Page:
First person shooters are traditionally a brown affair, full of gritty realism and violence. There are exceptions but they’re few and far between, which makes Lovely Planet all the more effective with its colourful aesthetic and Katamari Damacy-like visual design.
Lovely Planet is not your typical FPS though, it’s more of a score attack game with levels rarely lasting longer than a minute, most lasting under thirty seconds. Enemies consist primarily of squares with frowning faces that shoot purple cubes in your direction, and any hit you take resets the level. It may sound harsh, but it works well in a twitch shooter like this and it helps you develop your reflexes and memory as you’re forced to negotiate that pesky map one more time.
Controlling the action is simple as you move with the WiiU Gamepad’s left stick, looking around with the right. ZL jumps, ZR shoots and L snaps to your nearest target to help cope with the speed of the action. There’s no denying that controller aiming is an issue however, especially in later levels when the action can become almost impossible to follow. Stick aiming is too sensitive and ends up imprecise as a result, something the target-snapping feature is often a big help with, but it just isn’t enough when things are flying in every direction.
Level design keeps things flowing nicely most of the time, with its floating platforms of bright colours and its tight corners with blue walls, enemies hiding behind them. Some are straight lines, no more than a jump or two required to negotiate any obstacles, but others bend and cross back over themselves, leading to confusion as you take out an enemy’s platform, only to find out that you needed it later to jump across to the finishing post. Luckily, a level restart is always a button press away, not unlike the Trials games with their instant restarts.
The level design is aided by the wonderful art, with its odd, floating smart phones and tiny mountain villages, but it does suffer from lack of variety as you progress further into the game. Environments look the same no matter which world you’re playing, with only minor tweaks here and there to match that world’s theme. It feels like a wasted opportunity, considering the potential shown in the first world, but it’s by no means game-ruining.
Each level offers stars for your performance, relating to your time taken to get to the finish. This is where the score attack fans will find their replayability as they constantly try to improve their times and earn that elusive third star on that one particular level. With five worlds containing a total of a hundred levels, that’s an awful lot of game for your money and getting three stars for every one will not be an easy task. But if you want to just take your time and get to know the levels, you can do that too. You’ll learn when that apple will be launched through the air, knowing you have to shoot it before it lands, and you’ll discover where that enemy is hiding or which way you need to aim after teleporting to that platform in the later areas – all will aid in your enjoyment of Lovely Planet as you seek to gain the rewards you’re due for your efforts.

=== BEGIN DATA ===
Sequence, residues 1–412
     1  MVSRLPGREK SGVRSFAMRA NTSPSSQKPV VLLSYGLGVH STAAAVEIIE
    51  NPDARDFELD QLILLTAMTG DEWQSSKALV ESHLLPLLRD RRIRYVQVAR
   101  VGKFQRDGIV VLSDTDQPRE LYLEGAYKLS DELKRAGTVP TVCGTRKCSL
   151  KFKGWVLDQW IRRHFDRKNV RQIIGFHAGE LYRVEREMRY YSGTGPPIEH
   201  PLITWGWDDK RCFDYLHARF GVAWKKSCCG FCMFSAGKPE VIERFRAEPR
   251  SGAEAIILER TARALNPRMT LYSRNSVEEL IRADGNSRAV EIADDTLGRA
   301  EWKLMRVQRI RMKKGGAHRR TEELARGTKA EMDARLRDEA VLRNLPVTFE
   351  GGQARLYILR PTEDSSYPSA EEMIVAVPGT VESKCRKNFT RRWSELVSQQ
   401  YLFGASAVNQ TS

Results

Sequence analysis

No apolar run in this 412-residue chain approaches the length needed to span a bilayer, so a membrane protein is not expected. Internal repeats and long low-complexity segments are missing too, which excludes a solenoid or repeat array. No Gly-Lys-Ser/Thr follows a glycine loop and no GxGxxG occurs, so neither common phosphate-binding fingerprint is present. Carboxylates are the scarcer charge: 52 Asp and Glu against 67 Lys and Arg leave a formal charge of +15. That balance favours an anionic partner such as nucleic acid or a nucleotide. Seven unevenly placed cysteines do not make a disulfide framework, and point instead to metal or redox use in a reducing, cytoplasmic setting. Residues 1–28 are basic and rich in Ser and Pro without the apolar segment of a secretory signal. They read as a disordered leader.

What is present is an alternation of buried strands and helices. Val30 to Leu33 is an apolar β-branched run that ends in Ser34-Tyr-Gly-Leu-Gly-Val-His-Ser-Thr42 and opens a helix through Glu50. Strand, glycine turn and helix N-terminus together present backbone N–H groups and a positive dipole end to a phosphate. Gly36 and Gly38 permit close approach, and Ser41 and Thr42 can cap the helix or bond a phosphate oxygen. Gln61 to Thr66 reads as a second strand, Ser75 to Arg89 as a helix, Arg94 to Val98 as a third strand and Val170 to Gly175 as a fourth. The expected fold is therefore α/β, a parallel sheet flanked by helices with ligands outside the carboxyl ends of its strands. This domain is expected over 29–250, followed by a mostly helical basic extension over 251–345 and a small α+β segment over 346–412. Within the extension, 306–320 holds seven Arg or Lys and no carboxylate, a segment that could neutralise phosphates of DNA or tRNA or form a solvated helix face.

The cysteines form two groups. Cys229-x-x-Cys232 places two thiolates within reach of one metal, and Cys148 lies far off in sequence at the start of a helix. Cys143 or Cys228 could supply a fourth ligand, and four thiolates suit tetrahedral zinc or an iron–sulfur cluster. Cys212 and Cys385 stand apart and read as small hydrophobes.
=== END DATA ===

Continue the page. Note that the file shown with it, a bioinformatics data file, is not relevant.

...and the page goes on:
It isn’t all sunshine and rainbows, though. The levels can get very repetitive as the game overuses certain mechanics in an attempt to teach you something new about its gameplay, not quite trusting the player to get it after a couple of levels. Once it starts throwing apples, it really starts throwing them, often two at a time and none of them are allowed to hit the ground – which can lead to some frustration as you just want to see something new. It also suffers from some pretty steep difficulty curves at times, which can be all the more frustrating when the goal is in sight and you’ve just navigated a particularly tough section, only for some hidden enemy or spawning red blob to end your progress in the blink of an eye.
These kinds of things could have been avoided if the sound design had as much quality as the visual design. More distinctive cues for enemies would help determine where the danger is coming from, instead of silence being your downfall. The complete lack of Gamepad audio is also baffling, especially as the entire game is playable on the smaller screen, and having the ability to use headphones would make things that little bit more accessible – not to mention it would make sense, allowing the TV to be used by somebody else as you blast away at Lovely Planet. It would also have enabled you to really enjoy the gorgeous, catchy soundtrack that perfectly compliments both the visual design and the gameplay style.
With a few tweaks, Lovely Planet could be fantastic on WiiU, perfect for bite-sized gaming. Unfortunately it veers a little too hard into the difficult a little too quickly and ends up as more of a ‘hardcore’ game as a result. Nothing wrong with that of course, except that it feels like it may not have been the developer’s intent. Instead of a fantastic game, it’s simply a good one.
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